Wow. Watching this profoundly suspenseful crime story was one uncomfortable experience, but in a good way. The acting in certain situations throughout make for one riveting motion picture experience reminiscent to the first time I saw Pulp Fiction. Killing Them Softly is not quite in the same league, but a just as memorable character-rich genre twisting tale, nonetheless.
The film opens with a particularly pathetic crime ordeal, concerning a mob-protected poker game and two bumbling strung-out thieves without a clue of who they’re really robbing. The hooded pair of amateurs are warned before fleeing the scene that they will be killed, and as a viewer, you just know it’s a definite proposition.
Based on a 1970’s novel Cogan’s Trade by George V. Higgins, the film is actually set during the George W. Bush period of economic downturn. Ironically, the economy is also a crisis in the mob arena where surplus money from illegal activities are in decline, so the recent heist of the poker game causes an unwanted ripple effect. Striding into town to the tunes of Johnny Cash, enter Brad Pitt as Jackie Cogan, a professional smooth operator and chronic enforcer, hired by mob luminaries to wipe out those responsible for the ever dubious robbery. What is supposed to be a regulation track-down-and-hit becomes complicated as further behind the scenes events come to light. Cogan enlists the help from two colleagues, a mob middleman (an unforgettable Richard Jenkins) and the drunken loose cannon Mickey (James Gandolfini), actually a trigger-happy nut job.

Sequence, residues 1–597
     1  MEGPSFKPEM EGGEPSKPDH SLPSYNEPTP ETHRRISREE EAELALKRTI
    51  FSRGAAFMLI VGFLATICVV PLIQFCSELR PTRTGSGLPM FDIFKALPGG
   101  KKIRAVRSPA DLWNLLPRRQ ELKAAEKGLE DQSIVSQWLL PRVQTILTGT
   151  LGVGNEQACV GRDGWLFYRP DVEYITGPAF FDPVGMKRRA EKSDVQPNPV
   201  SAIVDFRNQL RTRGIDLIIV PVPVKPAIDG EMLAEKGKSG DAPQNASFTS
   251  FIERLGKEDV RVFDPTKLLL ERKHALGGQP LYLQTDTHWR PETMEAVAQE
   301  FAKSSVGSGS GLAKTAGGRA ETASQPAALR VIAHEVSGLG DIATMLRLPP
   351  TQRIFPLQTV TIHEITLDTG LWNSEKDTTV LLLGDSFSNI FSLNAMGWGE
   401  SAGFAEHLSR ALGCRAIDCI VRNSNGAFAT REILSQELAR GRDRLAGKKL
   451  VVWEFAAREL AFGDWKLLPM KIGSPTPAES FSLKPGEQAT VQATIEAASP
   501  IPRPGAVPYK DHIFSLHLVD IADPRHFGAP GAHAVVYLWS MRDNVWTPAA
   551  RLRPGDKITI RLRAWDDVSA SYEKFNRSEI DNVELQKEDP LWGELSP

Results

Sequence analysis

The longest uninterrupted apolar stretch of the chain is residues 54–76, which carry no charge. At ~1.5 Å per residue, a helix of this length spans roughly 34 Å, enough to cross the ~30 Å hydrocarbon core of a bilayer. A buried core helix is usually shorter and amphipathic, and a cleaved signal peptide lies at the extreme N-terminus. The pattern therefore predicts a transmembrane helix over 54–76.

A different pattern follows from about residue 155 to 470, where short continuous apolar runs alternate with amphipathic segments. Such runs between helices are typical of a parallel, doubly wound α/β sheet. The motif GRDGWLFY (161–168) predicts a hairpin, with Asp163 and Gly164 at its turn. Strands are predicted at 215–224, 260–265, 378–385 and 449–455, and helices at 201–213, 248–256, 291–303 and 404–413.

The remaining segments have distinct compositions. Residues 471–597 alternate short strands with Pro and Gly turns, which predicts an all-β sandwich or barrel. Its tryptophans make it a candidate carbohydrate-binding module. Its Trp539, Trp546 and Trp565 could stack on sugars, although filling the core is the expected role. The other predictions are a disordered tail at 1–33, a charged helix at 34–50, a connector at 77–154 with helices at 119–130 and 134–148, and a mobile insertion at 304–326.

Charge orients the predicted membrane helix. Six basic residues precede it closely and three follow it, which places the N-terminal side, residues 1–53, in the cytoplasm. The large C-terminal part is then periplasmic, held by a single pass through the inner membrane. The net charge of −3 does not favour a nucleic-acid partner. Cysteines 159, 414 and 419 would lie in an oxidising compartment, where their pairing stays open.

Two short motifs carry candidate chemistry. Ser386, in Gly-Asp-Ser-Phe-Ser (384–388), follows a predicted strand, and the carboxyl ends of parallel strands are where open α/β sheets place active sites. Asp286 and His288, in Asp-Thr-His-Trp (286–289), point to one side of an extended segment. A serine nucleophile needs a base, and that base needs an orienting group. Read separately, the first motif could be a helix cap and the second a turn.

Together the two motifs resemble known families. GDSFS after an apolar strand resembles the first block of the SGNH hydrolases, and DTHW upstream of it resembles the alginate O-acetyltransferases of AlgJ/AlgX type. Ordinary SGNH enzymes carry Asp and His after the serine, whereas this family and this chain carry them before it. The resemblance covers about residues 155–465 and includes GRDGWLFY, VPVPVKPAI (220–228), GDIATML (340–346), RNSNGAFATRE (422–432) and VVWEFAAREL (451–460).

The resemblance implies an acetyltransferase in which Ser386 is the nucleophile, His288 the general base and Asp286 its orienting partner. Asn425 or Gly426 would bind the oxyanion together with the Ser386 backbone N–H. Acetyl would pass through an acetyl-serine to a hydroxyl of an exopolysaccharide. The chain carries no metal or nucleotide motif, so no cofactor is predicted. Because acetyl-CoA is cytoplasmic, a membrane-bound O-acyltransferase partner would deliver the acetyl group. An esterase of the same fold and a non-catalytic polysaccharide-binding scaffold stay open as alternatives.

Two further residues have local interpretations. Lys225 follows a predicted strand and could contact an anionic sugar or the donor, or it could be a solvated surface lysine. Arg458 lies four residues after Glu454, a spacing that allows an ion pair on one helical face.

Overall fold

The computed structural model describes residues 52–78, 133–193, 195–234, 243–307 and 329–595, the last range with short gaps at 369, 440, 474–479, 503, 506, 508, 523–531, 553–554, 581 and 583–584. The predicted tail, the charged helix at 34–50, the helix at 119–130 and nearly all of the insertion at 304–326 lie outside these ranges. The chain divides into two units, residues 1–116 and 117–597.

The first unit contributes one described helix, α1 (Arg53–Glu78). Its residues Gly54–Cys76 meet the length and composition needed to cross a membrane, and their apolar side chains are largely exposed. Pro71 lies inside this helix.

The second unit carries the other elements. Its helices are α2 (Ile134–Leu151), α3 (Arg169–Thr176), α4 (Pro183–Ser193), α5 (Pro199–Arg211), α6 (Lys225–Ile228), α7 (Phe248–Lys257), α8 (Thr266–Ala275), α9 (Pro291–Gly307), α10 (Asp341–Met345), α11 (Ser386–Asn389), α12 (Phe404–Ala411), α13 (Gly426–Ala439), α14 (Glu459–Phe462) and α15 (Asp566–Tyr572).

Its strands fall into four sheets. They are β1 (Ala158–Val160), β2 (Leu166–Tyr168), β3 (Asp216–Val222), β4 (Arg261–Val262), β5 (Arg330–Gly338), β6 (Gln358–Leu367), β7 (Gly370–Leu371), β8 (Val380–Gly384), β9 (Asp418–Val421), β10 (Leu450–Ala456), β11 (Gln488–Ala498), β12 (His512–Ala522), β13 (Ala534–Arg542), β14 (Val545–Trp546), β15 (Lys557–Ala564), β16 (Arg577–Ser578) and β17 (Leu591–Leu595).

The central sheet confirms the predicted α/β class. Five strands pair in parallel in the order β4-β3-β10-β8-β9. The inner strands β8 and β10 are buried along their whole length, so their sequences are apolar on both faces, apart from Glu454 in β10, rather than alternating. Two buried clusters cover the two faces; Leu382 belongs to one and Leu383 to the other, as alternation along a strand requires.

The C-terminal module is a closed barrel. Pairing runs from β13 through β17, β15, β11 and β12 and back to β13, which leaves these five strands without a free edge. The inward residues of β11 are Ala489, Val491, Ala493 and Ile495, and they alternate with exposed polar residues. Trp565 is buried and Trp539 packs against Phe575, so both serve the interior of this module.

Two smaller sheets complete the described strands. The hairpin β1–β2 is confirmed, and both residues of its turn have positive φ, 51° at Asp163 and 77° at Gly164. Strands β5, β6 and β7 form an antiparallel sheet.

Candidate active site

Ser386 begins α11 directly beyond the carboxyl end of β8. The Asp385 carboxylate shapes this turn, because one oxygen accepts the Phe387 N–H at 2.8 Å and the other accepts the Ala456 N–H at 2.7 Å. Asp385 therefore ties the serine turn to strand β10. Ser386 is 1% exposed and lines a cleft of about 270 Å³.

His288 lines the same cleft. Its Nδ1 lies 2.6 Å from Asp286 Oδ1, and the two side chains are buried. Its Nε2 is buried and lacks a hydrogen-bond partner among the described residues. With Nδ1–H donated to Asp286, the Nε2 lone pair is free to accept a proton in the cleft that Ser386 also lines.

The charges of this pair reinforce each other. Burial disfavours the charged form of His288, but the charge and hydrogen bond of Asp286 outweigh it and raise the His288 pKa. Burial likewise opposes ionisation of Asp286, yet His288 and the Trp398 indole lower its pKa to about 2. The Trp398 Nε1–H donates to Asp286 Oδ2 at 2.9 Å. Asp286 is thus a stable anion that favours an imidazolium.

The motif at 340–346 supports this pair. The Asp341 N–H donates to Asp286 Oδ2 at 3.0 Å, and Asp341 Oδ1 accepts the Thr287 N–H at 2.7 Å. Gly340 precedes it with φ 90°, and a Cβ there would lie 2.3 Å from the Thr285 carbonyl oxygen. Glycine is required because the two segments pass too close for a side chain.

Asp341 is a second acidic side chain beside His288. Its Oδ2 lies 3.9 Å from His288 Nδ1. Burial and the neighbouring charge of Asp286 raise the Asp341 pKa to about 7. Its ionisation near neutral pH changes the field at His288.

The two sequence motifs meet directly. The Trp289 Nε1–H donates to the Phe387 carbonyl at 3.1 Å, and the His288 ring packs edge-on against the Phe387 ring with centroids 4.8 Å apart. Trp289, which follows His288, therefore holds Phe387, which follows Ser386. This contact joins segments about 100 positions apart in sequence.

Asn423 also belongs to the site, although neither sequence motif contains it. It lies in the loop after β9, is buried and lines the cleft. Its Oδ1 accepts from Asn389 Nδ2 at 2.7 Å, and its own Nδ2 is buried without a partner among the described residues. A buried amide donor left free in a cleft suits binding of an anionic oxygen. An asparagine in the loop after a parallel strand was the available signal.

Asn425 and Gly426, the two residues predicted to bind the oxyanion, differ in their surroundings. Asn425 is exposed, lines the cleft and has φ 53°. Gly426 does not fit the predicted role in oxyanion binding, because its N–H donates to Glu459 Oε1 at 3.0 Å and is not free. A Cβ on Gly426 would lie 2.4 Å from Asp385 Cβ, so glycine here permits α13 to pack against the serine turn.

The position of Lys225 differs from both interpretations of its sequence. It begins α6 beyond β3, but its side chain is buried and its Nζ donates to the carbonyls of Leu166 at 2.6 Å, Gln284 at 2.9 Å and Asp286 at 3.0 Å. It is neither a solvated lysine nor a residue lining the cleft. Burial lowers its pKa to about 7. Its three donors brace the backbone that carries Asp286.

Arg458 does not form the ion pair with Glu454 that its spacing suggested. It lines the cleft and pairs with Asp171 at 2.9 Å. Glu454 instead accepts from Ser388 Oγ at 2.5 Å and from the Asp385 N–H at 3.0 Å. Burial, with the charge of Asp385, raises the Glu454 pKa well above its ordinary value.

Killing Me Softly has a narrative that is torn on multiple occasions; things happen quick and unexpectedly, most of the violence poetic in style. Bloodshed is never too far away throughout, even in the few rare lighter scenes. The vulgarity of “tough guy” dialogue is matched with perfectly rundown locations and color-muted widescreen cinematography.
Pitt is likable as Cogan, physically strong with a sharp mind, while Ray Liotta is appropriately grimy as the stooge pinned by the mob for the robbery. Ben Mendelsohn, last seen in The Dark Knight Rises and soon to feature alongside Ryan Gosling and Bradley Cooper in The Place Beyond the Pines, is unpredictable as Russell. High all the way through the film, he unwillingly plots his own downfall in a moment of clarity to a merciless kingpin during an amazing overall individual performance.
Directed by Andrew Dominik, the visionary behind The Assassination of Jesse James by the Coward Robert Ford, this Australian auteur uses substance to build tension. Killing Them Softly is a brutal first rate thriller, a strong story of modern gangsters in extreme situations.
Killing Them Softly hits select theaters November 30th.